• Barriers to e-business may also lie outside of the IT-using industries: Complaints regarding the lack of reliable IT providers, interoperability and high technology cost might be a sign of restrained competition in the IT market.

e-Business trends and implications

An analysis of specific ICT-related revealed various topics that were found to be particularly relevant to the sector. The issues include:

  • Convergence of broadcasting, telephony and computing: Technological developments have resulted in the convergence of infrastructures and services, which have had some implications for the ICT industry. First, incumbent ICT producers were late in adapting to the convergence trend. Thus, companies might find themselves locked in old technologies. Second, the success of the ICTM sector depends on users’ acceptance of new technologies, which in turn depends on consumers’ skills and complementary products. Lastly, regulation has an impact on the speed of development and diffusion of new telecommunication services, which indirectly also affects the ICTM industry.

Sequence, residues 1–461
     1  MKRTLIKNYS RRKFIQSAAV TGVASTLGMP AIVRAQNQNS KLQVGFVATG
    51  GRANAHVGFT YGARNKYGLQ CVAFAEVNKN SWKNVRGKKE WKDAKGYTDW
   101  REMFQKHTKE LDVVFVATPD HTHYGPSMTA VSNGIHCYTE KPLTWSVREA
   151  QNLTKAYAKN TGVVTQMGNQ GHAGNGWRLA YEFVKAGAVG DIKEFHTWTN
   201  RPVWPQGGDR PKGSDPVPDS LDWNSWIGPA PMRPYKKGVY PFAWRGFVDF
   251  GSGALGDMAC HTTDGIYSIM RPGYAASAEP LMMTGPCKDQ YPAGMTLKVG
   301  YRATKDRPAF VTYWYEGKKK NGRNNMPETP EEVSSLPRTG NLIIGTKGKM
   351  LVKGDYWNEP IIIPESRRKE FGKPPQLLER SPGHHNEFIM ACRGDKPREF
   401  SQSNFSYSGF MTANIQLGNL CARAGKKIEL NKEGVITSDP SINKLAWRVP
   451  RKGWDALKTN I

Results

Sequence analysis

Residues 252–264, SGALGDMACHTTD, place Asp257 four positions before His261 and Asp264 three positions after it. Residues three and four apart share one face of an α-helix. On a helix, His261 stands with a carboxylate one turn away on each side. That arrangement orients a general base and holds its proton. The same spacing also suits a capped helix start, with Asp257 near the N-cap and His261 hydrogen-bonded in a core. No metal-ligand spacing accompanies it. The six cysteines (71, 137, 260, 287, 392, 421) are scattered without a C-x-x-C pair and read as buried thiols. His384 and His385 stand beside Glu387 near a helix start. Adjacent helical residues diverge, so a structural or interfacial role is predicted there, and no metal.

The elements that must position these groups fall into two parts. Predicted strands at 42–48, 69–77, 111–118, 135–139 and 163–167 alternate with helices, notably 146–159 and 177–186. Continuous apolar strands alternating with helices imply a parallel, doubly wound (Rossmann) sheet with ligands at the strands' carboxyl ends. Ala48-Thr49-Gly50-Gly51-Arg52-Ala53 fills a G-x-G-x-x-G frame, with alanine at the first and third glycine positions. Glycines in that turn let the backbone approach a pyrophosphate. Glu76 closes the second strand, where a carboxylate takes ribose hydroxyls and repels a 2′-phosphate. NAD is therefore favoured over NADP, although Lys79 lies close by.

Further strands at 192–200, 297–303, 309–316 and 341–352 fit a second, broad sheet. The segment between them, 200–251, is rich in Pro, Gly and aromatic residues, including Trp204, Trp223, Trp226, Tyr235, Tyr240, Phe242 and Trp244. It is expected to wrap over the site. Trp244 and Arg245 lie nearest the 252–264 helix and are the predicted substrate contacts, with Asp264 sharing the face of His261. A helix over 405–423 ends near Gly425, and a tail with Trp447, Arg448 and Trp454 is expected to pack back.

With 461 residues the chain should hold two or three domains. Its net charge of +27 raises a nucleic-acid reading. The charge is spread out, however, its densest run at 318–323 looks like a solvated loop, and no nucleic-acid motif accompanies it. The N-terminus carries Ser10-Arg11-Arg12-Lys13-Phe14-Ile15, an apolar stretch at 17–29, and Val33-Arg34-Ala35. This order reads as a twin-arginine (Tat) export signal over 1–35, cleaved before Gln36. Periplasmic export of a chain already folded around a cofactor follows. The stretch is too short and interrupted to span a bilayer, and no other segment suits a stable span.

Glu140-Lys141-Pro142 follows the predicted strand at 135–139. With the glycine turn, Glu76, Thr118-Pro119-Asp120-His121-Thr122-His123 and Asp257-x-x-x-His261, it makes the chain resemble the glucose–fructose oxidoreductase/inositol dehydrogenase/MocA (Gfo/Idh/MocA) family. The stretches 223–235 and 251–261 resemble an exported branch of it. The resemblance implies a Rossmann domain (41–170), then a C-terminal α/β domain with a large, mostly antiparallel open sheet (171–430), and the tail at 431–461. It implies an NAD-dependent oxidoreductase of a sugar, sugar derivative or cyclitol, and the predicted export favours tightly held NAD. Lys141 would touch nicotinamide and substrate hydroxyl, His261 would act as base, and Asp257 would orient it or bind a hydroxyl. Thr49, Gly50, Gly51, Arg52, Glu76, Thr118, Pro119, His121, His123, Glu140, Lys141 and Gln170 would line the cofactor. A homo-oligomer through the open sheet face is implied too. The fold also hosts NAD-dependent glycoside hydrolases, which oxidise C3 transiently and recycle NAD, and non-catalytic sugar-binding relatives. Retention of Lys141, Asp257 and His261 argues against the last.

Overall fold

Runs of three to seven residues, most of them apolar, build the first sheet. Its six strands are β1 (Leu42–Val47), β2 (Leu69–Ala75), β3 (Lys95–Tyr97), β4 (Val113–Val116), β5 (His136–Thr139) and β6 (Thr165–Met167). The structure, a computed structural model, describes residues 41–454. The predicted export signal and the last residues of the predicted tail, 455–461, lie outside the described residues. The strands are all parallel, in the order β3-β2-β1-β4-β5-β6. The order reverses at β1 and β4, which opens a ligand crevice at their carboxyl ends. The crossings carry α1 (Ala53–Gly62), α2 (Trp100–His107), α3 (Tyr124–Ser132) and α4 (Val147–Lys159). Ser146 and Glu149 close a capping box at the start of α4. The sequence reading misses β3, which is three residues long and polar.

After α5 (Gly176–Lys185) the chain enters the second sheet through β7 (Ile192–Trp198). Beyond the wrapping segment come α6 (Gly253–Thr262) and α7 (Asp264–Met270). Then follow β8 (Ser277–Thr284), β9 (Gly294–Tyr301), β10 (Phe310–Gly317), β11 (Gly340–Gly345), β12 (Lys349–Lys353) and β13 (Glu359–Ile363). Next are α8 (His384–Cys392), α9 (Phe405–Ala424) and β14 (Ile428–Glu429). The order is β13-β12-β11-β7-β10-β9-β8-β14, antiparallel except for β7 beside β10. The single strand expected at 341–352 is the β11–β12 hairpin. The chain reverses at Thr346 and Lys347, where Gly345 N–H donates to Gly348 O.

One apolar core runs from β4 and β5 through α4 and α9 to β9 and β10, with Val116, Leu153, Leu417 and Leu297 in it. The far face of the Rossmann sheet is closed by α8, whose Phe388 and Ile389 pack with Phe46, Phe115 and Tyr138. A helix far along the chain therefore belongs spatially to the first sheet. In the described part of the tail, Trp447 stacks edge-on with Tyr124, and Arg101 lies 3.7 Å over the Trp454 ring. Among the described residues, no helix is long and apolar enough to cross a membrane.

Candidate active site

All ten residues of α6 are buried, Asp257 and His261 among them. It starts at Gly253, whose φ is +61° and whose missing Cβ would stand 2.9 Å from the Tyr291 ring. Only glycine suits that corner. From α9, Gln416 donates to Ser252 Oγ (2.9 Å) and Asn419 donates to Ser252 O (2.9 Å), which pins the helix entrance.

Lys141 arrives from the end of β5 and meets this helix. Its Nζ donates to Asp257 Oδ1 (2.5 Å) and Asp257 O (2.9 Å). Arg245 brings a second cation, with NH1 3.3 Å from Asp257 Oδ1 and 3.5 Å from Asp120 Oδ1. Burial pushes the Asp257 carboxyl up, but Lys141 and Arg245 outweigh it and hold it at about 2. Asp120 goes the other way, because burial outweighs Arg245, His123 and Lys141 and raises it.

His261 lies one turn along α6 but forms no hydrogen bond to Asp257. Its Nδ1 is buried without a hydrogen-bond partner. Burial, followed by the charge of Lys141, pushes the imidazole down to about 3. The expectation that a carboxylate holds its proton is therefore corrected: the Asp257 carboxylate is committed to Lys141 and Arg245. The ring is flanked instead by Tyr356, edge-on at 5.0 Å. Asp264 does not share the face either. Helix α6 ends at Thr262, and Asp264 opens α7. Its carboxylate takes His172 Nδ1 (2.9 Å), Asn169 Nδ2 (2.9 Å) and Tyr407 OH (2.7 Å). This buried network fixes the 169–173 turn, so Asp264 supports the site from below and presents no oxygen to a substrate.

• Networking enterprise: According to the e-Business Survey 2006, changing economic conditions force ICTM companies to enhance their competitiveness by joining efforts with other companies within the sector. This has implications for the competitiveness of companies in the ICTM sector. First, as the optimisation of information and goods flow reduces cost of inventory and improves production planning, inter-organisational integration has a positive impact on profits. Second, inter-firm cooperation gives companies access to competitive resources and information and enables them to spread the cost and risk of R&D projects. This eliminates the problem of efforts duplication and maximises the likelihood of introducing major innovations. Third, as large companies frequently initiate the process of supply chain integration and force their interests and requirements down the value chain, the economic position of SMEs might be weakened. Lastly, common standards facilitate supply chain integration. Thus, it is necessary that SMEs’ interests are taken into account during the stand­ardisation process.